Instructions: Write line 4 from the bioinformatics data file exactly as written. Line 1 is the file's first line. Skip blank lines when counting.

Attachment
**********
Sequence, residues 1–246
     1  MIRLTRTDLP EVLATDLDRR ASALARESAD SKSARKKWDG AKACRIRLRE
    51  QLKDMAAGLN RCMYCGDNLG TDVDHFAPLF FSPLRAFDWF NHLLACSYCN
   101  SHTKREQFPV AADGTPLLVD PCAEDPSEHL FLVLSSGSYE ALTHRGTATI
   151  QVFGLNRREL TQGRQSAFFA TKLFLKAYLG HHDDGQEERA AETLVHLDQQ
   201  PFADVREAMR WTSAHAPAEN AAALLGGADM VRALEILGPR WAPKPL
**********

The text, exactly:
   101  SHTKREQFPV AADGTPLLVD PCAEDPSEHL FLVLSSGSYE ALTHRGTATI